Palestinian poet, Rafeef Ziadah; Palestinian singer,Terez Sliman; and Phil Monsour (Lebanese-australian singer).

The evening kicks off at 8pm.  See you there!

40th Anniversary Vigil in for Manus Deery

This Saturday there will be a Vigil held in Derry to mark the 40TH ANNIVERSARY OF THE MURDER OF MANUS DEERY.

The vigil will take place at the Bogside Inn on SATURDAY 19TH MAY at 7pm.

Speakers include Manus's sister Helen Derry, Kate Nash and Eamon McCann. EVERYONE WELLCOME!

Your Vote Can Be Ignored..

Sticker design from our friends at Irish Anarchism for the fiscal compact referendum. Our articles on it are at

There will also be a debate about the left & the referendum at the Dublin Anarchist Bookfair -

Cardinal Sins to cover up in Catholic Church- an instrument of control and domination

The media frenzy may have settled for now over  Cardinal Sean Brady’s failure to pass on information about a notorious clerical sex abuser in his midst but we need to make sure we don’t let this extremely wealthy multi-national chiefdom called the Catholic Church off the hook.

On Tuesday 1st May, a BBC spotlight programme revealed that cardinal, and then Fr Brady was at interviews in 1975 where two children were asked to sign a vow of silence after they were abused by paedophile priest Brendan Smyth.  One survivor, Brendan Bolan told This World that he had given details of other children to Fr Brady(who was the ‘note taker’ at the time) he suspected were being abused but the problem found that none of their families or the police had ever been warned.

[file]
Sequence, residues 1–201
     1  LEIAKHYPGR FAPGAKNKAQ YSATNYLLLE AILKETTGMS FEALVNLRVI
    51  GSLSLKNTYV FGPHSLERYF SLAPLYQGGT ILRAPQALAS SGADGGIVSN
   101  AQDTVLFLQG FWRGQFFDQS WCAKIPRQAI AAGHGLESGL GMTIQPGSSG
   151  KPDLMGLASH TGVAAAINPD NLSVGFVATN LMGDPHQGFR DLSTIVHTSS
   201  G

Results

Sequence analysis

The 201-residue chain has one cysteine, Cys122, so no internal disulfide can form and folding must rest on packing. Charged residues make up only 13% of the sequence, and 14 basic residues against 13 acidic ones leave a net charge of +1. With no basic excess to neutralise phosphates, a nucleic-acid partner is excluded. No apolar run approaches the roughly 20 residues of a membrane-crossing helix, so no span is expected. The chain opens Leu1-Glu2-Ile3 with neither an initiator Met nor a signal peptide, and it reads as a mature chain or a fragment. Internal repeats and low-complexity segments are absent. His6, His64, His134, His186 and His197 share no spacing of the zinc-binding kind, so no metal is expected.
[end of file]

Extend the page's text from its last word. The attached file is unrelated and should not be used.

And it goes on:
The programme lead to a media storm coming after the Commission to Inquire into Child Abuse report in November 2009 which highlighted systematic and widespread physical, emotional and sexual abuse.  It concluded that "the Dublin Archdiocese's pre-occupations in dealing with cases of child sexual abuse, at least until the mid-1990s, were the maintenance of secrecy, the avoidance of scandal, the protection of the reputation of the Church, and the preservation of its assets. All other considerations, including the welfare of children and justice for victims, were subordinated to these priorities….State authorities facilitated that cover-up by not fulfilling their responsibilities to ensure that the law was applied equally to all and allowing the Church institutions to be beyond the reach of the normal law enforcement processes."

Despite calls to resign from across the political spectrum the attitude of the now Cardinal primate of all Ireland to avoid responsibility by claiming that ‘he had no case to answer’ is not only a further insult to survivors but exposes a culture of silence, cover-up and collusion that still continues to be at the heart of the Catholic Church.